Alan Hubbard

The fact that it needed International Olympic Committee (IOC) President Thomas Bach to make personal contact with the Chinese tennis star Peng Shuai and assure the world of her safety is a further example of how sport has established itself as a political player on the world stage. The mystery of her apparent temporary disappearance may remain unsolved for the moment but at least she appears to be in good health, physically at least.

Bach seems satisfied that all is well with the three-time Olympian who hitherto was not seen in public since November 2 following accusations purporting to be from her that she had been sexually assaulted by a high-ranking Chinese political figure.

While we await further developments it is significant to note that it was the IOC which was chosen as the vehicle for her seemingly well-orchestrated reappearance. Surely this underlines the value of sport to global society as a means of communication. There is little doubt that the Chinese did not wish their hosting of the Winter Olympics in Beijing next year to be impaired in anyway.

Hence the desire to employ what might be termed "Peng Pong Diplomacy".

The importance of sport has never been more paramount. Fiscal authorities will tell you that it now ranks in the top four wealth-creating commodities. The term for it is ubiquitous - it Is here, there and everywhere.

Nelson Mandela was so right when he said sport has the power to change the world, to inspire and to unite, while author George Orwell labelled it a substitute for war.

And never has it been a more prominent factor in our daily lives than it is now.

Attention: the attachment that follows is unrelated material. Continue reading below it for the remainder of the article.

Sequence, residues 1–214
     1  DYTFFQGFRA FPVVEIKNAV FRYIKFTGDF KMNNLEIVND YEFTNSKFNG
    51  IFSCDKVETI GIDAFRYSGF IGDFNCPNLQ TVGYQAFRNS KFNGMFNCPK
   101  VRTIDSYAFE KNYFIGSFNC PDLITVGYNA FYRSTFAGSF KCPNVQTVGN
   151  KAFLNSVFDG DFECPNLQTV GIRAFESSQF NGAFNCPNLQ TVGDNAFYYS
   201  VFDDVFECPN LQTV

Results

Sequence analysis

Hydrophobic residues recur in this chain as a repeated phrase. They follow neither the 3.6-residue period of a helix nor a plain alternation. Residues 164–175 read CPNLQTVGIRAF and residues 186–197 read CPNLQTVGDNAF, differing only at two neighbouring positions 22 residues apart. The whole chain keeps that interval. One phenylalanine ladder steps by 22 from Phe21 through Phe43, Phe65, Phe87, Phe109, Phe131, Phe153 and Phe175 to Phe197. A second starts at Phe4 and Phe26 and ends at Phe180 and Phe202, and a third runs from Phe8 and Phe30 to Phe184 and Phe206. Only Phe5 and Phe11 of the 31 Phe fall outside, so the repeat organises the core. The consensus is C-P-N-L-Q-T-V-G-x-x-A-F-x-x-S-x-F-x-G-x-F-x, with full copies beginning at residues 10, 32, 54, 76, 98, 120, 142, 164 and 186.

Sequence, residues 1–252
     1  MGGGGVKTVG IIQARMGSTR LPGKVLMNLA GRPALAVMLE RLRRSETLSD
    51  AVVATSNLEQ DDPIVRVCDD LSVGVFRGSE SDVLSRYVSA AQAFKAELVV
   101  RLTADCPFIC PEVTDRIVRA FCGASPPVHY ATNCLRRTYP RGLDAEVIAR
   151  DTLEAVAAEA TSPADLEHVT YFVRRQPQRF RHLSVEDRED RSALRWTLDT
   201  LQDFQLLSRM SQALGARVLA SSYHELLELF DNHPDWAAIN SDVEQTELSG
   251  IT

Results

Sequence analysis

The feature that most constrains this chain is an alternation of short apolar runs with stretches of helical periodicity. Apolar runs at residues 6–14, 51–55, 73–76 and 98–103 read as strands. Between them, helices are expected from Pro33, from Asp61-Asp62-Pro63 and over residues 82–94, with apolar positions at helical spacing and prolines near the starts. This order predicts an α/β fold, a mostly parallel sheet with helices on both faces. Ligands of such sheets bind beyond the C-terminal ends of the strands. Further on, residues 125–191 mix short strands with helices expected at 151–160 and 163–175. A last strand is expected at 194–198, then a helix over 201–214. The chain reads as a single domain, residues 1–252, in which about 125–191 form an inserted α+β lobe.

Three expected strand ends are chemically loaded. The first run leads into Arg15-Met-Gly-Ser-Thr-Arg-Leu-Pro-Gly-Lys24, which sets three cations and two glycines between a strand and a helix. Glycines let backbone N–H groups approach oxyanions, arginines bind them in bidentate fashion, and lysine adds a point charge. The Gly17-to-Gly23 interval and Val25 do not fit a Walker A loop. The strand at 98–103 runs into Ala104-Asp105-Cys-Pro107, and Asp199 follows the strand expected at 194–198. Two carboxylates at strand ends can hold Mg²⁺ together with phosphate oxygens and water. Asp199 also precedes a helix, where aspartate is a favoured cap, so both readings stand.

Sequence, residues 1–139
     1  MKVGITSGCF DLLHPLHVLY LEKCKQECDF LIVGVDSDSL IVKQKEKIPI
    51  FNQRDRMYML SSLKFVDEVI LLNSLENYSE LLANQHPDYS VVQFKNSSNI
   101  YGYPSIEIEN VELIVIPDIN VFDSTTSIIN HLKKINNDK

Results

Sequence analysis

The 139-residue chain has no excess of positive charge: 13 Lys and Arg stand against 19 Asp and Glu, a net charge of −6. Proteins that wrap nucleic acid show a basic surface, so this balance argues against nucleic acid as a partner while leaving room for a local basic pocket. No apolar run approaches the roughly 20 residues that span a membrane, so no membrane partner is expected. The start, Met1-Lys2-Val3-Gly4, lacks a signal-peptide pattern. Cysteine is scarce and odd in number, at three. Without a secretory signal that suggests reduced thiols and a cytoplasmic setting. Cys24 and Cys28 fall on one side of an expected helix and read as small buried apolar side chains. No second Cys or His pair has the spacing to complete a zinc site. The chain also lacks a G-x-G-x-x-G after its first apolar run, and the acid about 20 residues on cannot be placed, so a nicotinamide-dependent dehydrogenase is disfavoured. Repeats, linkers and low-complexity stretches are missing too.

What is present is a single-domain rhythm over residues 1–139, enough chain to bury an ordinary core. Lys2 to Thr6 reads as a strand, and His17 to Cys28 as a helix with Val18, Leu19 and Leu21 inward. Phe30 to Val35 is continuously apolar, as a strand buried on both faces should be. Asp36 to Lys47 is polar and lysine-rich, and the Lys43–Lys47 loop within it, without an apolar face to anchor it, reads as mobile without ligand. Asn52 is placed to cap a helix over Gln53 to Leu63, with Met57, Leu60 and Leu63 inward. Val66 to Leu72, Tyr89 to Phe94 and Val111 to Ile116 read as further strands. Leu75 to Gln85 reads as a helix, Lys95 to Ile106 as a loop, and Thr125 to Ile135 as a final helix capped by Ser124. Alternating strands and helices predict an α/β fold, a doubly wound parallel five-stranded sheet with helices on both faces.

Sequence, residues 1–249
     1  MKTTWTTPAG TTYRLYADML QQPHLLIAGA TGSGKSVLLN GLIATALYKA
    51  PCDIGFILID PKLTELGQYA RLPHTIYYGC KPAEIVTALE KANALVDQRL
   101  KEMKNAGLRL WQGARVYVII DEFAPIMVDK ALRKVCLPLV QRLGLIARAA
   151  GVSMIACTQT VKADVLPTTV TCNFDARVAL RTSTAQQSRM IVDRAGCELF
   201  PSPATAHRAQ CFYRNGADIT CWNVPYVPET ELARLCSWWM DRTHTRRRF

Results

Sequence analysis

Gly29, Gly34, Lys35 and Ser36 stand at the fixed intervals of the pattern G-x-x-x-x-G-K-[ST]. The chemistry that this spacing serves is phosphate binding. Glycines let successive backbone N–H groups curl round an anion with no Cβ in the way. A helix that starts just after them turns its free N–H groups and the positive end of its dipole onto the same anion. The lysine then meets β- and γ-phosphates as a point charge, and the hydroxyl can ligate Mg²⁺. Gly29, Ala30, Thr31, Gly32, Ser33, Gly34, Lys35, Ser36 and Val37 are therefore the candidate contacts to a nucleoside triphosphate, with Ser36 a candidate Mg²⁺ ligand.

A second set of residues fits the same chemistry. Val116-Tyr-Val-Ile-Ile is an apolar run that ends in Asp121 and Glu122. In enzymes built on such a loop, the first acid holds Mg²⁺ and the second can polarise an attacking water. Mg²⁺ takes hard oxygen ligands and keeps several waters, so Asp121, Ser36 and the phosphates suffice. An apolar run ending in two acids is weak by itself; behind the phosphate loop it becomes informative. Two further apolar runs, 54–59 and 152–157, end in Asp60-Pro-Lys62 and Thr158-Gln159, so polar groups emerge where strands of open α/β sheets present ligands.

Peng Shuai appeared at three Olympic Games, and concerns remain over her well-being ©Getty Images
Peng Shuai appeared at three Olympic Games, and concerns remain over her well-being ©Getty Images

When I first started out in journalism well over half a century ago, all one really needed to be a sportswriter was a pen, notebook, some working knowledge of the game being covered and the ability to run faster than rival reporters to the nearest pubic phone box when the final whistle blew. Plus the ability to spin a few words of course.

Covering sport was a different world then. I’m quite frequently asked by aspiring young journos how they should equip themselves for reporting on sport.

The renowned American scribe Red Smith once opined that, "Sports writing is easy. All you do is sit as a typewriter and sweat blood!"

To an extent that still applies these days as my advice, albeit slightly tongue in cheek, for any wannabe Hugh McIlvanney. Obtain a degree not just in English, but computer studies, geopolitics, economics, medicine and law. And be a dedicated follower of fashion.

For sport covers all aspects. It is no longer the toy department of the media store, tucked away at the back end of the book. Open any newspaper and you will find it not only in the bulky section which is devoted to the subject, but on the news pages, business pages and crime pages - even fashion supplements.

Sportsbiz is big biz, arguably more so than showbiz these days.

George Orwell once labelled sport a substitute for war and it certainly is a theatre for geopolitical tensions ©Getty Images
George Orwell once labelled sport a substitute for war and it certainly is a theatre for geopolitical tensions ©Getty Images

What’s more, as sport expands into such diverse territories those of us covering it need to have at least a working knowledge of pharmacy. It has become a matter of knowing your anabolics from your diuretics.

There are many good things to be written about sport, although newspapers and TV bulletins do not shy away from concentrating on the bad.

For years sport's ills simmered beneath the surface only to erupt like that volcano now spreading molten lava over one of the Canary Islands.

Doping, racism, corruption, cheating and other assorted aberrations - sport has suffered the lot of late. Yet it survives - and prospers - because in essence it really is a metaphor for life itself. Even ardent couch potatoes eventually succumb to it on the box, where it now proliferates on virtually every channel.

It has also become politically weaponised far too easily.

So, is this the time to draw a breath and ponder whether much as we love it, sport is getting too big for its boots?